Original Story posted in: RadioWorld
Date: February 11, 2019
Written by: Randy J. Stine


Consultant believes that when you stay focused on the consumer and the local market, radio works.


LAKEWOOD, Colo. — Mike Henry, founder and CEO of media research and consulting firm Paragon, has referred affectionately to radio as “the cockroach of all media.” As in: You can’t kill it.

Henry’s musings about radio are grounded in his belief in the medium’s ability to innovate and evolve. The longtime radio consultant says radio’s further development depends in part on its ability to monetize live events and new digital revenue streams.

Henry, who began his career in college radio at WUOG(FM) in Athens, Ga., in 1979, has spent 33 years analyzing client media research at Paragon. Henry’s bio is heavy with startup projects and format launches. He has played roles in the development of the NPR News brand and several music formats, including alternative and adult hits, and is closely associated with a number of Triple A radio stations. He also has been involved with numerous new media projects and companies including Live365, Sirius Satellite Radio, Sony eMarker tagging, Clip Interactive, WeedStream and public media’s VuHaus music discovery platform.

His long-held theory, first floated a decade ago, is that radio’s success depends on “hyper local content” and “multiplatform” distribution. These are themes that resonate in the age of podcasting, streaming and smartphone apps.

Radio World asked Henry, 57, about his work and the state of radio.

Radio World: You co-founded Paragon Media Strategies in 1988. Describe what it is you do.
Mike Henry: Paragon originally only did purely audience research for radio stations. Now we work pretty much with anyone who produces content for the consumer, so everything in the entertainment and media world, digital media, mobile and even satellite radio. We provide clients with audience research and do straight consulting on content, marketing and programming. We focus on all of the audience engagement aspects for clients. And we can help a company or radio station build out their website social media platforms. We have an incredible and long-term staff of researchers and consultants at Paragon.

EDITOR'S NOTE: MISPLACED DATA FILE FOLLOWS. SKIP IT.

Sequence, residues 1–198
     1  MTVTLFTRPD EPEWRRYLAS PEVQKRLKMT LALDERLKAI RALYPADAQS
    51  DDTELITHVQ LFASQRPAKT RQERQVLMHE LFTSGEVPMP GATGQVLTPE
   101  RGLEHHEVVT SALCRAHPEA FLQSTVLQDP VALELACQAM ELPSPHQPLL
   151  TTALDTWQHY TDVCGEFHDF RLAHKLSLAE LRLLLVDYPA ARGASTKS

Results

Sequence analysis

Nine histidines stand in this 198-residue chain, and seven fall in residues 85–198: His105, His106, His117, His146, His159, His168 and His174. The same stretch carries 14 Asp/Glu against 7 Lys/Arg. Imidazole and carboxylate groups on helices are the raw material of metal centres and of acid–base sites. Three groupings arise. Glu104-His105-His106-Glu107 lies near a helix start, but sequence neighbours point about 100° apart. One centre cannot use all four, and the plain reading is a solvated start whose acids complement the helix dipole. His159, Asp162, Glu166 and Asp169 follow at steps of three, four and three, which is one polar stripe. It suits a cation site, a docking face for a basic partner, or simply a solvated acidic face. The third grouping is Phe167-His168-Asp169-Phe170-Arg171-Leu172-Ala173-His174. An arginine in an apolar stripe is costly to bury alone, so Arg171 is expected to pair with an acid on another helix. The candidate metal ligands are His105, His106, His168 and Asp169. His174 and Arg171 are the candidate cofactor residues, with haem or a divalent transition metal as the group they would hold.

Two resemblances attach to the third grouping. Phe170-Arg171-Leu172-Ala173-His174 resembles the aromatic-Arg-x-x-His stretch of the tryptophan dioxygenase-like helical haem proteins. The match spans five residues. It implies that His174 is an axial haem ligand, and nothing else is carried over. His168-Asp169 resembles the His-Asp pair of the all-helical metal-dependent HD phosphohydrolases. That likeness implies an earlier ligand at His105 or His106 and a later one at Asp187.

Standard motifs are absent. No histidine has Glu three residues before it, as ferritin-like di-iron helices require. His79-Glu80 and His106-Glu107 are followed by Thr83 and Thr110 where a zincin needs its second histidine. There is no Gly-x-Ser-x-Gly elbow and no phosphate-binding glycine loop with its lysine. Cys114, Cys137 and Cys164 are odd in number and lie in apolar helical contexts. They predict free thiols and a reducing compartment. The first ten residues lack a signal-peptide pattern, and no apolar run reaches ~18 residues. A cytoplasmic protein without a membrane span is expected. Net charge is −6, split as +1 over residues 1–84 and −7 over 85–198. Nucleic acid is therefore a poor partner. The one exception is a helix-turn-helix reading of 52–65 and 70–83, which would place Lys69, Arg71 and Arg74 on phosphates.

RW: What is it about radio that makes it so “resilient,” as you put it?
Henry: I think first and foremost it’s because it is still free. It’s convenient and accessible. Almost like a utility in that people know it will always be there. Secondarily, radio listening is a habit learned at a very early age and habits are hard to break.

I’d like to think that radio can respond to consumer demand, even though right now I wonder if it could do better in that regard. A large part of my career has been working with radio stations and networks specifically that remain focused on the consumer and not shareholders. We focus on operators that focus on the local community and have stayed away from the major consolidated broadcast companies.

RW: You pitch your theory of delivering hyper local content along multi-platforms as a winning strategy. How is the radio industry doing as a whole on that front?
Henry: I think it is doing well. It’s probably doing better on the multi-platform distribution part of it than hyper local. I think some of the larger commercial groups struggle with reality versus their smoke and mirrors of being local. But certainly local operators and regional groups and all of public radio are very focused on local content, and I think that is why some of them have thrived during an era of consolidation when many observers figured they would be smothered by the consolidated groups.

It bears out that if you stay focused on the consumer and the local market, it works. Radio is a community asset that can organize and engage a local audience. I have seen that for 40 years in my career. That’s been the case since I started my radio career at a college radio station in Athens, Ga., in the late 1970s.

RW: Are your radio clients finding ways to monetize their digital platforms?
Henry: Oh yes. Just name a platform and there are sponsorships happening and money to be made, whether it is on websites or social media platforms. At every level a radio station touches a listener we are able to monetize that. Podcasts being the latest example. You can add in events and festivals.

Sometimes it’s not immediate and not a direct turnaround of creating a new touch point and monetizing it, but over time radio has shown the ability to do that.

One space that I’m still not sure about is smart speakers. It’s not clear how radio can monetize that. That’s tricky, because right now all smart speakers are doing is raising the amount of royalties owed by a radio broadcaster but not increasing ratings because it is not measured and therefore not having a direct return on investment for that audience. That’s been elusive so far.

RW: Are you at all worried about the connected-car listening space for radio going forward?